Films like Crazy Rich Asians, The Spy Who Dumped Me, BlacKkKlansman and The Happytime Murders are poised to provide a much-needed dose of diversity to theaters this summer. But as audiences look to critical reviews to determine if these movies are worth the ticket price, what perspectives are available? A new study from the USC Annenberg School for Communication and Journalism reveals that the film reviewers are unlikely to be as diverse as the casts they are critiquing.
The report, titled “Critic’s Choice?” is the first from Associate Professor of Communication Stacy L. Smith and the Annenberg Inclusion Initiative to investigate inclusion among film reviewers, and examines access and opportunity for film critics. The report uses reviews of the 100 top grossing films of 2017 posted on the site Rotten Tomatoes to assess gender and race/ethnicity of critics, finding that reviewers are overwhelmingly white and male.
Of the 19,559 reviews evaluated, 22.2 percent were written by females, with 77.8 percent crafted by male critics — 3.5 males to every 1 female reviewer. White critics wrote 82 percent of the reviews and critics from underrepresented racial/ethnic backgrounds authored 18 percent.
However, when the researchers examined both gender and underrepresented status, they found that white male critics wrote substantially more reviews (63.9 percent) than their white female (18.1 percent) or underrepresented male (13.8 percent) peers. Underrepresented female critics wrote 4.1 percent of reviews included in the sample.
“The very individuals who are attuned to the under- and misrepresentation of females on screen and behind the camera are often left out of the conversation and critiques,” said Smith, founder and director of the Annenberg Inclusion Initiative.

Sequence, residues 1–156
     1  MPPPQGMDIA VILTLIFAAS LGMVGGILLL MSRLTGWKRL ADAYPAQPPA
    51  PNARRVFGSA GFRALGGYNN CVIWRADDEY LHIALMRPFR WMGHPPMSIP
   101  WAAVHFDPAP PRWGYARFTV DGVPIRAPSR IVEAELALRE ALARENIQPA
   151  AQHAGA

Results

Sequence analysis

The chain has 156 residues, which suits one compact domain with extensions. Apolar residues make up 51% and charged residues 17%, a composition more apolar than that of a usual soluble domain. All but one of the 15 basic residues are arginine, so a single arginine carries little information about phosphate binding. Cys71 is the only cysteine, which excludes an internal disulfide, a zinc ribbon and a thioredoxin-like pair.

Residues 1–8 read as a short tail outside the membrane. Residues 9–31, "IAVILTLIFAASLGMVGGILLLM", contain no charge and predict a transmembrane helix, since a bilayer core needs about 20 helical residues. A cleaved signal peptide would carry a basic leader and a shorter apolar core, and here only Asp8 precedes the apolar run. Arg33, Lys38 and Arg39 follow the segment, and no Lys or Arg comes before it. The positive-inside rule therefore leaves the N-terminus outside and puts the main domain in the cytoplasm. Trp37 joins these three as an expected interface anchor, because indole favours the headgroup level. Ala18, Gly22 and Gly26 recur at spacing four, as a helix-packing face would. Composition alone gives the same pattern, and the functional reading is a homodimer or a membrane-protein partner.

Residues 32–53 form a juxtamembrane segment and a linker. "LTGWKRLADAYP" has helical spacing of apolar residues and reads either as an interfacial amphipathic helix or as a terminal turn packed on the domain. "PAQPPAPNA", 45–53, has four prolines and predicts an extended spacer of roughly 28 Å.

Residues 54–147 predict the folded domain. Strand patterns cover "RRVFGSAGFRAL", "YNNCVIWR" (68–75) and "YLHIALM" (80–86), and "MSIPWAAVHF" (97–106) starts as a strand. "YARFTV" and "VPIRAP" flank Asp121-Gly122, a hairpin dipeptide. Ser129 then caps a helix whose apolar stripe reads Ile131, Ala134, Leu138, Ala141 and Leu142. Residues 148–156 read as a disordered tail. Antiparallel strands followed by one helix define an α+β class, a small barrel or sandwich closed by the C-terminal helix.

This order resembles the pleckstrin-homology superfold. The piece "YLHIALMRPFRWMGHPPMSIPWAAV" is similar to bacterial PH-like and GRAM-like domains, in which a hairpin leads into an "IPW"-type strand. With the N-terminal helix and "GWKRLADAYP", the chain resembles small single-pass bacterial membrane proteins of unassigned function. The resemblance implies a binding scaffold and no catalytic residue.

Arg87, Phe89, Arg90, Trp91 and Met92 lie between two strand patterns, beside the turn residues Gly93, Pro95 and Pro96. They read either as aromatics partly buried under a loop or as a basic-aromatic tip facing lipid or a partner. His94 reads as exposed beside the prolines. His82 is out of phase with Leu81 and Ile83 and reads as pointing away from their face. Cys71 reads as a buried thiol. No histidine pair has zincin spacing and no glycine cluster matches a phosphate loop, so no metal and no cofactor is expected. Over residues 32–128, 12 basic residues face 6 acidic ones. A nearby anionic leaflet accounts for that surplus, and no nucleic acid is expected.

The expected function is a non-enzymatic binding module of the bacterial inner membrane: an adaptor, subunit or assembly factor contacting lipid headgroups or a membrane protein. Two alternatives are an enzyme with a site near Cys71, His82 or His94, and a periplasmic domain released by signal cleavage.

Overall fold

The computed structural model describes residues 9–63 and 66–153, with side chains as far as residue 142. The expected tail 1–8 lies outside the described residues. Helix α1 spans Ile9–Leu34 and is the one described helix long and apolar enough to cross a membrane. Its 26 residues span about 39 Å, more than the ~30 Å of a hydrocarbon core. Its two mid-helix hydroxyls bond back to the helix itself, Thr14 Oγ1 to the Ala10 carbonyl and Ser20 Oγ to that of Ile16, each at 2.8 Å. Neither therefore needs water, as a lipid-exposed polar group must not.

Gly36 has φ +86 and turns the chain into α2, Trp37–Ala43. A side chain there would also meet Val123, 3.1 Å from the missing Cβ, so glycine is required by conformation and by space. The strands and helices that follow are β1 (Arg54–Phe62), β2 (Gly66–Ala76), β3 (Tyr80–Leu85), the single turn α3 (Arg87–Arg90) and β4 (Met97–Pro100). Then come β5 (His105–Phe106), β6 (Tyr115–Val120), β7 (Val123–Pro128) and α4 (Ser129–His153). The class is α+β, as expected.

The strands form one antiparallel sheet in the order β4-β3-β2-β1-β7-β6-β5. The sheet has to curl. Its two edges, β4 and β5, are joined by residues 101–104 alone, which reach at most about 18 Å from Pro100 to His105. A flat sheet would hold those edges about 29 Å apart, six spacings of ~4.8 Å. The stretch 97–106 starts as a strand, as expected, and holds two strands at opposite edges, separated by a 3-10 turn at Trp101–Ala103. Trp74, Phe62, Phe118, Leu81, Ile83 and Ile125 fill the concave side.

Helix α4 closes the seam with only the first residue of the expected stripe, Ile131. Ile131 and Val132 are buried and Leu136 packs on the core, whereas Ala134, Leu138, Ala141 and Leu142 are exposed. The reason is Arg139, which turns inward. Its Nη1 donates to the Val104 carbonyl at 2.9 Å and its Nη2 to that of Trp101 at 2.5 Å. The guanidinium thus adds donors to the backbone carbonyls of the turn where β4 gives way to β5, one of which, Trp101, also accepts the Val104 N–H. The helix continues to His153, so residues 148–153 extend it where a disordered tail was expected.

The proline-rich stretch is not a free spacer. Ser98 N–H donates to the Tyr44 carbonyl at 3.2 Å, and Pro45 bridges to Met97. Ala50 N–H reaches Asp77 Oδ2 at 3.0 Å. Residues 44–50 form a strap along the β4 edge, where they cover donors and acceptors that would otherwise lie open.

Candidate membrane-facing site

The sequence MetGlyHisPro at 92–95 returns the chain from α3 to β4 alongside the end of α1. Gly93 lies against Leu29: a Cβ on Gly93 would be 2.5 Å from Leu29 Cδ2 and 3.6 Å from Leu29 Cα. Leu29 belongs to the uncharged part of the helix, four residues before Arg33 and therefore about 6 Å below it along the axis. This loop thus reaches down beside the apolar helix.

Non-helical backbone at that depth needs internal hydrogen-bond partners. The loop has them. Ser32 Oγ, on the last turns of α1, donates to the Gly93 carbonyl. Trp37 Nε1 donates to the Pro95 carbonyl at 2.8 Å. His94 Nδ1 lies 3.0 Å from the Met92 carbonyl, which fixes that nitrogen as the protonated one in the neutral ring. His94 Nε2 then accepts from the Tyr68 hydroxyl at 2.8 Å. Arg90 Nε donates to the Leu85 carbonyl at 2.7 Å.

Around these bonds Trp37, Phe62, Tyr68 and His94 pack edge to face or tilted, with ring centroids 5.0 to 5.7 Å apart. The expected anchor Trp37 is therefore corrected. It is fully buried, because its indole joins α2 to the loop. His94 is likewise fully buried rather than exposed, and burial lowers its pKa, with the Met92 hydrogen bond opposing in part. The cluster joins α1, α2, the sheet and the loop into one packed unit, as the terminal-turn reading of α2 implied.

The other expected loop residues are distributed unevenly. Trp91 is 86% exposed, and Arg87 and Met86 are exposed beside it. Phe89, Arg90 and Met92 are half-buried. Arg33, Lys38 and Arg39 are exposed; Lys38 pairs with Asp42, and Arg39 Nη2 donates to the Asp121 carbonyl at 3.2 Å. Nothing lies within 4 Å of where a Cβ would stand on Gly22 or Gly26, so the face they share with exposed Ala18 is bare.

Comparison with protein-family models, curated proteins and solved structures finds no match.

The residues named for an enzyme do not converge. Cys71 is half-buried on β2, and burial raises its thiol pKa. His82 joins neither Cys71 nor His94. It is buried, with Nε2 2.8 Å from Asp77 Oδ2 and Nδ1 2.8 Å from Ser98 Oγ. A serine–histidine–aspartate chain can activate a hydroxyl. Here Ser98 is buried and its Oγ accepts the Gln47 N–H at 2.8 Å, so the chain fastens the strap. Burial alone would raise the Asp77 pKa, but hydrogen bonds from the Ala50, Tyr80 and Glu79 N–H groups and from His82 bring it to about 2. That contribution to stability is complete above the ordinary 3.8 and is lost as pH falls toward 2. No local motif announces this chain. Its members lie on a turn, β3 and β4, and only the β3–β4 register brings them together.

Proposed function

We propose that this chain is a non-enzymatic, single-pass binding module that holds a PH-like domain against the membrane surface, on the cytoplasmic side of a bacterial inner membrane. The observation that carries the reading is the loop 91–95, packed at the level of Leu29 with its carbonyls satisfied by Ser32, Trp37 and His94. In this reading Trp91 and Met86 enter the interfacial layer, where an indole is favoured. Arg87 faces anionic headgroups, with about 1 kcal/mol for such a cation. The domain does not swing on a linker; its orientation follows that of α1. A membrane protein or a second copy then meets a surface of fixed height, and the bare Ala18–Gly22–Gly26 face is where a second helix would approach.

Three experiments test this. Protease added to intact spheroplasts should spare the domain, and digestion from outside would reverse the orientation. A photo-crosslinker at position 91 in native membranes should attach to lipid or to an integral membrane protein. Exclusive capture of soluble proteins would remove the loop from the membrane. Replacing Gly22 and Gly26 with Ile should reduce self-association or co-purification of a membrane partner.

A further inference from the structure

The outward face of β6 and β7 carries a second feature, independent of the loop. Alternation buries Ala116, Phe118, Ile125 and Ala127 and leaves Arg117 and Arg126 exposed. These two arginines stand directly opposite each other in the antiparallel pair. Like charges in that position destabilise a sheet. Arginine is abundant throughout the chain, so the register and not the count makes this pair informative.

Movie critics’ demographics: Same for ‘top critics’
Similar results emerged when the researchers focused on individuals who Rotten Tomatoes has designated as “top critics.” Of the 3,359 reviews by those top critics, 76 percent were written by males and 24 percent by females. Underrepresented top critics wrote 11.2 percent of the reviews compared to 88.8 percent by white top critics. When gender and underrepresented status were examined simultaneously, top film reviews written by white males outnumbered those by underrepresented females by nearly 27 to 1, as reviews by women of color amounted to only 2.5 percent of those by top critics while white males wrote 67.3 percent. White females wrote 21.5 percent and underrepresented male critics 8.7 percent of top reviews.
“Even among top critics, the words of white and male critics fill a greater share of the conversation than females and people of color,” said Marc Choueiti, the study’s lead author. “Re-examining the definition of a top critic or simply casting a wider net can be the opportunity to open up and diversify the voices heard in the critic space.”
The researchers assessed the percentage of female and underrepresented film reviewers for each movie studied, and not one of the 100 films achieved gender-balance in its pool of critics.
The 36 female-driven movies in 2017 the team identified were similarly imbalanced. Seventy percent of these films were reviewed by groups of critics in which women amounted to less than 30 percent of reviewers. Most of the 24 films with underrepresented leads were assessed by a group of critics in which 20 percent or fewer reviewers were from underrepresented backgrounds.
“This report reveals the absence of women of color working as reviewers — especially on movies built around female and underrepresented leads,” Smith said.
The authors propose several solutions for groups that work with or educate critics. Most notably, they offer a set of target inclusion goals for the field. “Groups should think of the phrase 30/30/20/20—this is the U.S. population breakdown for white males, white females, underrepresented males and underrepresented females,” Smith said.
The report is the latest from the USC Annenberg Inclusion Initiative, and the first in a series on critics.
An extended version of this story appears on the USC Annenberg website.